Paclitaxel, an antimicrotubular agent used in the treatment of ovarian and breast cancer, was encapsulated in nanoparticles of poly(DL-lactide-co-glycolide) and poly(ε-caprolactone) polymers using the double emulsion–solvent evaporation technique. The morphology, size distribution, drug encapsulation efficiency, thermal degradation and in-vitro drug release profile were characterized. High-performance liquid chromatography was used to determine the drug encapsulation efficiency and in-vitro drug release profile. MCF-7 breast cancer cells were used to evaluate the cytotoxicity (MTT assay), the cellular uptake and the cell cycle. The particle size was in the range of 200–400 nm. Poly(lactide-co-glycolide) nanoparticles showed more effective cellular uptake compared with those of poly(ε-caprolactone). Unloaded nanoparticles were found to be cytocompatible on MCF-7 cells and paclitaxel formulations showed efficacy in killing MCF-7 cells. Paclitaxel-loaded nanoparticles induced the release of the drug-blocking cells in the G2/M phase. Paclitaxel-loaded nanoparticles may be considered a promising drug delivery system in the evaluation of an in-vivo model.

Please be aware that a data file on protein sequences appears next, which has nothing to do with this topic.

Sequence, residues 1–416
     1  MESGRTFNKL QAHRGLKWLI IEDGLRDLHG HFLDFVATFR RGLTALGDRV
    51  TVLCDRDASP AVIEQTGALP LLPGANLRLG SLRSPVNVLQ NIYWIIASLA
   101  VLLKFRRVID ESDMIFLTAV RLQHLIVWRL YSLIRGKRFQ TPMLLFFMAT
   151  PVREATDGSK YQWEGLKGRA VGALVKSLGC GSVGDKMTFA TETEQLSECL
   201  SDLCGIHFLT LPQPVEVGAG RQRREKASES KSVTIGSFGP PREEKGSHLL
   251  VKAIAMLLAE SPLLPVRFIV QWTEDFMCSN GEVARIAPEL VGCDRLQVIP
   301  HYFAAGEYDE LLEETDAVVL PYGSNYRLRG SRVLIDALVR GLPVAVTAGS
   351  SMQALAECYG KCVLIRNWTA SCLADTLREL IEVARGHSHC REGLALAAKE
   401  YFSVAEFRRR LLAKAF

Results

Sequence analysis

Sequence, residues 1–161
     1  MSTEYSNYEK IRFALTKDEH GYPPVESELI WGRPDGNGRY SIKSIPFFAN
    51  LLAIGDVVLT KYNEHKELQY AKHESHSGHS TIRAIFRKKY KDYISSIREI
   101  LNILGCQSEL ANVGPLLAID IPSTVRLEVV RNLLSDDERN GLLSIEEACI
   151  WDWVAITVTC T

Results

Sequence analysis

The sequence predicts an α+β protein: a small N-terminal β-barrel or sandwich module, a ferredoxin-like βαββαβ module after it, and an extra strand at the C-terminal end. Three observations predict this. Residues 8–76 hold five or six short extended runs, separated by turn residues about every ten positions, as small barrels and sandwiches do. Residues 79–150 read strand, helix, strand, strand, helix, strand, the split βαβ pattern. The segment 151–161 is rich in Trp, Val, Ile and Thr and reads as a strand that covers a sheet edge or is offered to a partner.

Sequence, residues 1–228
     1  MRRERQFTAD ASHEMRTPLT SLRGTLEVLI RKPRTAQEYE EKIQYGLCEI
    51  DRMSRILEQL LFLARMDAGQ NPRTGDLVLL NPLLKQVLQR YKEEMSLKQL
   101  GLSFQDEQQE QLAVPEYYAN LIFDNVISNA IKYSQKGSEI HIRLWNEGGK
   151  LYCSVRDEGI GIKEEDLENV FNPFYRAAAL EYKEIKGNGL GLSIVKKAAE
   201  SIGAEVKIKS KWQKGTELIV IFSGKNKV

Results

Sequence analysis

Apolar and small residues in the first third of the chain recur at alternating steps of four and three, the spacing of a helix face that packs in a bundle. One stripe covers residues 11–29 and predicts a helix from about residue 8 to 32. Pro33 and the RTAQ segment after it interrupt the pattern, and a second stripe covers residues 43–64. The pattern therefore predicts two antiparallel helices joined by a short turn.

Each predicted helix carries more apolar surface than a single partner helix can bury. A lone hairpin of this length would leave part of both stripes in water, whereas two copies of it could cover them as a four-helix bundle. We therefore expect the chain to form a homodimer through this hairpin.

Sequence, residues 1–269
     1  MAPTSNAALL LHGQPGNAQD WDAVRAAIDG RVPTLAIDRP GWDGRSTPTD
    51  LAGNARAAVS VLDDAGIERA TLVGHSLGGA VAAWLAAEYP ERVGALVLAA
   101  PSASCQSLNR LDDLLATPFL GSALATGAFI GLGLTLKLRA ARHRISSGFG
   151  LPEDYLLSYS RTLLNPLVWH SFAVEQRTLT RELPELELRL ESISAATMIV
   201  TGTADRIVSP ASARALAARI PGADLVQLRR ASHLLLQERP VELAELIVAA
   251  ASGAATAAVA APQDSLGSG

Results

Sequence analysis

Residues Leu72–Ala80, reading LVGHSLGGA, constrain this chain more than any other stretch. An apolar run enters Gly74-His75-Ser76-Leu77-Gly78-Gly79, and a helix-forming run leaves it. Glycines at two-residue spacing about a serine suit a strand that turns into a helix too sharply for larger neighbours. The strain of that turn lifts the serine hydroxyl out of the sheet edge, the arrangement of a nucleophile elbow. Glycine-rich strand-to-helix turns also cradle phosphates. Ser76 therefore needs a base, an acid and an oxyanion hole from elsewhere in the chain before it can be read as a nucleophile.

Departments of aPharmacology
bInorganic and Bioinorganic, School of Pharmacy
cDepartment of Biochemistry and Molecular Biology, School of Medicine, Complutense University of Madrid, Madrid, Spain
Correspondence to María Dolores Blanco, PhD, Department of Biochemistry and Molecular Biology, School of Medicine, Complutense University of Madrid, Plaza Ramón y Cajal s/n, 28040 Madrid, Spain Tel: +34 913 941 447; fax: +34 913 941 691; e-mail: email@example.com
Received January 12, 2012
Accepted May 8, 2012